The 2015 Oscars broadcast, though, had a hard time capturing that excitement — or anything else. It certainly had a big enough net: the show was 3 hours and 40 minutes long. But as a TV broadcast, it struggled not just with length but tone, trying alternately to be light entertainment and a meaningful statement. Sometimes it was delightfully one, sometimes it was affectingly the other. But often the two collided painfully.

There were high hopes from the beginning, because of host Neil Patrick Harris, generally a delightful stage performer who’s done a reliably terrific job hosting the Tony Awards. And he started off in fine form. His first joke immediately addressed the white elephant in the room: the dearth of minority nominees for this year’s awards: “Tonight we honor Hollywood’s best and whitest — sorry, brightest.” Then he ditched a traditional monologue to do his thing: musical comedy, a rapid-fire, playful celebration of “moving pictures” that was both sweet and funny: “Check out the glamor and glitter/ People tweeting on the Twitter / And no one’s drunk and bitter yet ’cause no one’s lost.”

Sometimes, though, the organism that is the Oscars is bigger than the host, and Harris seemed to lose his grip on it, thanks largely to some badly written material. Several jokes razzing celebs in the audience fell flat, including one that involved getting Selma star David Oyelowo to trash the remake of Annie, which Oyelowo reacted to with a memorable “meh” gesture.

Harris is nothing if not game, but he often seemed disconnected from the limp material. He followed up one winner’s story of her son’s suicide with a dissonant joke about the puffy orbs on her gown: “Takes a lot of balls to wear a dress like that!” (though it’s not clear if he caught the suicide reference before making the joke). But when he had the chance, he rallied, romping through the wings onto the stage in his tighty-whities in a bit that recalled Oscar winner Birdman, and reviving when he had the right material. (“Benedict Cumberbatch,” he said, was “the sound you get when you ask John Travolta to introduce Ben Affleck.”) But then there was the running gag, about Harris’ Oscar predictions having been locked in a box onstage, that ran so long and with so little payoff it could have been redeemed only if the box contained a $10 million check made out in my name.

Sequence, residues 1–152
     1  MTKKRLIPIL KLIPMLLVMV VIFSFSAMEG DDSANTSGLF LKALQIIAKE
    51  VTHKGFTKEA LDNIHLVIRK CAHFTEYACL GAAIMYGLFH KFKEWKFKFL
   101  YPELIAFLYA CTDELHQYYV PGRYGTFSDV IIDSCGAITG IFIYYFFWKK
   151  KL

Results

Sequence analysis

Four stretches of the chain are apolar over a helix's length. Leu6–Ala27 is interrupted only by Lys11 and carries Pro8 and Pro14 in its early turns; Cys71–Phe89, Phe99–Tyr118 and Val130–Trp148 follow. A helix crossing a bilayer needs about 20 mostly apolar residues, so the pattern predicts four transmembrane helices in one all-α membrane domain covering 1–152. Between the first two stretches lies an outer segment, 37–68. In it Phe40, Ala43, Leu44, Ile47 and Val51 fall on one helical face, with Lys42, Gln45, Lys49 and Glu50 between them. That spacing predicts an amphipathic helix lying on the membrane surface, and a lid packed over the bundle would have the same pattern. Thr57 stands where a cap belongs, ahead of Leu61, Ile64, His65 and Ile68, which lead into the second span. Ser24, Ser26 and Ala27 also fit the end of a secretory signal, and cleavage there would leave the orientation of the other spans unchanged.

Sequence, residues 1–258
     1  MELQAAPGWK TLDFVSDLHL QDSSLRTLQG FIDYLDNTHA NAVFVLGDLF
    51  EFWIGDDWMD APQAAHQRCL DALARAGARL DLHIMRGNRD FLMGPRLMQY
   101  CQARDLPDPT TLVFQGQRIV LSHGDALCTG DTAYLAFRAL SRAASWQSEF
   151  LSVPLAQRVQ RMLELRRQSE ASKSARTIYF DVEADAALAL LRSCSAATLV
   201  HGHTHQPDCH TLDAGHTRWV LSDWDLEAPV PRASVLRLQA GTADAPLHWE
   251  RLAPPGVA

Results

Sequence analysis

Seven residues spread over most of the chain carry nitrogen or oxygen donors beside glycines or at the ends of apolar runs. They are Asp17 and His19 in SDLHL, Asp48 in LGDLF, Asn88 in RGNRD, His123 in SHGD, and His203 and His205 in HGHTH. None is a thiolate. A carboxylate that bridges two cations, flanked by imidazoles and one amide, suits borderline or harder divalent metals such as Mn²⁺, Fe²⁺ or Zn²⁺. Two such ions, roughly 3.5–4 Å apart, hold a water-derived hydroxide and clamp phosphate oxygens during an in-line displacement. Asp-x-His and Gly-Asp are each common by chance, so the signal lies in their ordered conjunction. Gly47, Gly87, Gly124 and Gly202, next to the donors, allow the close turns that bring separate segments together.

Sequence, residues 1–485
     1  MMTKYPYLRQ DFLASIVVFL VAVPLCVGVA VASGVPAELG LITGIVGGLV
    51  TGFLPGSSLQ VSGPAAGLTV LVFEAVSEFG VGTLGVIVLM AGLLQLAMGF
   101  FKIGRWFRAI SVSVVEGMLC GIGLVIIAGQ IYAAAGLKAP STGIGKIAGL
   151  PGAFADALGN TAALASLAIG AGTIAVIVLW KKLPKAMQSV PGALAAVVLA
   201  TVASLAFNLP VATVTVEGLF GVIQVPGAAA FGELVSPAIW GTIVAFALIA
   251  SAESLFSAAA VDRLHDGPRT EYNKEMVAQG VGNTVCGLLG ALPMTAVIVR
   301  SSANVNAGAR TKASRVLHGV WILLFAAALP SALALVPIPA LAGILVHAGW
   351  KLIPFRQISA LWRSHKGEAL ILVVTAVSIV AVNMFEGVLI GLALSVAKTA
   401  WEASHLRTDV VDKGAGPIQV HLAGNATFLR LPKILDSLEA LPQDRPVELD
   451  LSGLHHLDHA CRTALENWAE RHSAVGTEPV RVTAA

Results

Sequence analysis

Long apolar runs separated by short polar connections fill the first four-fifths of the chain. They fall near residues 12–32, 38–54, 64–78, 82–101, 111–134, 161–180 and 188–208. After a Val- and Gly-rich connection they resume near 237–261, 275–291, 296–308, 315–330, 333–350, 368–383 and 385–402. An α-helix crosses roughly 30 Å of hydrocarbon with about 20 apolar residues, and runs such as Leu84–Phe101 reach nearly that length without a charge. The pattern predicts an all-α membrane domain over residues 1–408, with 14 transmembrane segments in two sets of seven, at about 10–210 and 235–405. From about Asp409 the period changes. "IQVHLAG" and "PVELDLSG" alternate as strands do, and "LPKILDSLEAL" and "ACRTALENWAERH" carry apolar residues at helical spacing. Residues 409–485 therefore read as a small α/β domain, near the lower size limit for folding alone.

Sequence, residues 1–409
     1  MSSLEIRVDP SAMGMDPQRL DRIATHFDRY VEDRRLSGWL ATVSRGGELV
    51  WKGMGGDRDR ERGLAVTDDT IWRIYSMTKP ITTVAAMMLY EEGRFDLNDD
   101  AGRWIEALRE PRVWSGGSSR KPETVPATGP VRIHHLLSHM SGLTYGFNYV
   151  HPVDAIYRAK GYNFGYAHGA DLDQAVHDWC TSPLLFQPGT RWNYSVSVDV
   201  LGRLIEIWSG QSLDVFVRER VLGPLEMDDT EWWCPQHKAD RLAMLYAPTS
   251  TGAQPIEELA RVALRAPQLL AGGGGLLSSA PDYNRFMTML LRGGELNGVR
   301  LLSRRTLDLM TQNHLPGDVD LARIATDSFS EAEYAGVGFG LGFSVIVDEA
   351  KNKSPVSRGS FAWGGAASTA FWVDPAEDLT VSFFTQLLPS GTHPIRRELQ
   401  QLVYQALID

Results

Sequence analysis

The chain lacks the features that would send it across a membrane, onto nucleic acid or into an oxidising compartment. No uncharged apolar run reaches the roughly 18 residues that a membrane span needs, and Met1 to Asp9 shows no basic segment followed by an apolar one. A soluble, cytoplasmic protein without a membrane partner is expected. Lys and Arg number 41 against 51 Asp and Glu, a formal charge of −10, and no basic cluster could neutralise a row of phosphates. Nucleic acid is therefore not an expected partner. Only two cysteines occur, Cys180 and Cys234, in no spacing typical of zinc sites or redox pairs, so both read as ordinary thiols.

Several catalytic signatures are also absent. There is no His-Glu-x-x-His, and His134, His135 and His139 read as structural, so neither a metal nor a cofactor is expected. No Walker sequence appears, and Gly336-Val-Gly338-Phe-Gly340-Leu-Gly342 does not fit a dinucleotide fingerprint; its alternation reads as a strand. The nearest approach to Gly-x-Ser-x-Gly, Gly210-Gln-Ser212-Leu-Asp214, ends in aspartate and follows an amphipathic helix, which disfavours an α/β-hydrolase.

When the scripted material falters, you hope for the unscripted moments to deliver, and the acceptance speeches often did. It was a year of earnestness, inspiration and exhortation. Patricia Arquette of Boyhood urged pay equality for women. Best Song winner John Legend insisted that “Selma is now, because the struggle for justice is right now.” Best Adapted Screenplay winner Graham Moore — for The Imitation Game, about British cryptography genius Alan Turing who was persecuted for being gay — recalled considering suicide at age 16, and offered hope to young people feeling the same way. “Stay weird,” he said. “Stay different.”

Fittingly for an Oscars that began with a song, it was often the music that salvaged this one. Tegan and Sara with The Lonely Island delivered a joyous, hallucinatory “Everything Is Awesome” from The Lego Movie (the performers handing out Lego statuettes that several guests clutched through the ceremony). Lady Gaga performed an incendiary medley from The Sound of Music — seemed like a strange idea, but totally worked — ending with a salute from Julie Andrews, who pronounced “Lady Gaga” as though it were a royal title. And Legend’s performance of “Glory” with Common was the rare Oscar musical number that — with a recreation of the march across the Edmund Pettus Bridge — managed to reproduce the emotion of the movie onstage.